At this point, McCain had no recourse but to admit he was proposing amnesty from document-fraud prosecution for illegal aliens whom he would put on the path to citizenship. "The senator is aware that when people come here illegally, obviously, they do not have citizenship, so, therefore, any Social Security number they use, whether it belongs to someone else or is entirely invented, is not valid," McCain said.
Shortly, McCain also implicitly conceded that Ensign's amendment would not deprive anybody of a "nest egg" they had saved -- and explicitly stated that it was his intention to give illegal aliens Social Security benefits, which they had no reason to expect, for work they did here illegally.
"Of course they didn't expect to receive benefits they had to pay here illegally," said McCain. "The whole thrust of this legislation is to give them not only Social Security benefits but, as importantly, the protections under the law, as they now live in the shadows and are exploited and mistreated in many cases."
Ensign, by contrast, was trying to protect U.S. citizens from paying taxes to provide retroactive Social Security benefits to illegal aliens who had exploited the government's non-enforcement of both the immigration and document fraud laws.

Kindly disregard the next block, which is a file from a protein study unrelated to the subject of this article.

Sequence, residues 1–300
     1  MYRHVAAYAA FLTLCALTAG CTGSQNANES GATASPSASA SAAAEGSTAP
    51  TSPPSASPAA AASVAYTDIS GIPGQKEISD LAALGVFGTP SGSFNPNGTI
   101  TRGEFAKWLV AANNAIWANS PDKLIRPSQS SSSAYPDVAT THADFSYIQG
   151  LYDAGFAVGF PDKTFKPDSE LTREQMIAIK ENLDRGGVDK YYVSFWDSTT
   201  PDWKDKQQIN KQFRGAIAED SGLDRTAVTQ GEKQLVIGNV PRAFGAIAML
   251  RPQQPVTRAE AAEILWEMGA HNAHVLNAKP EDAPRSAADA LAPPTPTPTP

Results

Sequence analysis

Ensign's amendment lost by one vote. Obama, Clinton and McCain voted against it.
On Jan. 5, one of the taxpayers Ensign was trying to protect asked McCain a question at a town hall meeting in Peterborough, N.H. He was a legal immigrant from India. "I'm a proud American, and I don't understand, for the love of me, Republicans and Democrats calling illegal immigrants guest workers and providing for them and allowing them all kinds of services," the man said, according to The Associated Press. "And I'm given to understand you endorse some of them."
McCain was indignant.
"I do not support nor would I ever support any services provided to someone who came to this country illegally, nor would I ever and have never supported Social Security benefits for people who are in this country illegally, that is absolutely false."
Unfortunately, no one in Peterborough had the parliamentary privilege to ask the senator to yield.